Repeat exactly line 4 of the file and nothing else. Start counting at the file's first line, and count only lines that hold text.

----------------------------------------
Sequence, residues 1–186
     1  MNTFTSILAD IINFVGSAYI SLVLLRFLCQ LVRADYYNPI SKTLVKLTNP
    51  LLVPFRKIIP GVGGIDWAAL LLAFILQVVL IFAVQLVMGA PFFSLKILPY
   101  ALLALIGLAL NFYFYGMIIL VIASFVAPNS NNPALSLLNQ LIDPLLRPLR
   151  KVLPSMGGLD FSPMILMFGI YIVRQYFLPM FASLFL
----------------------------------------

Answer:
   101  ALLALIGLAL NFYFYGMIIL VIASFVAPNS NNPALSLLNQ LIDPLLRPLR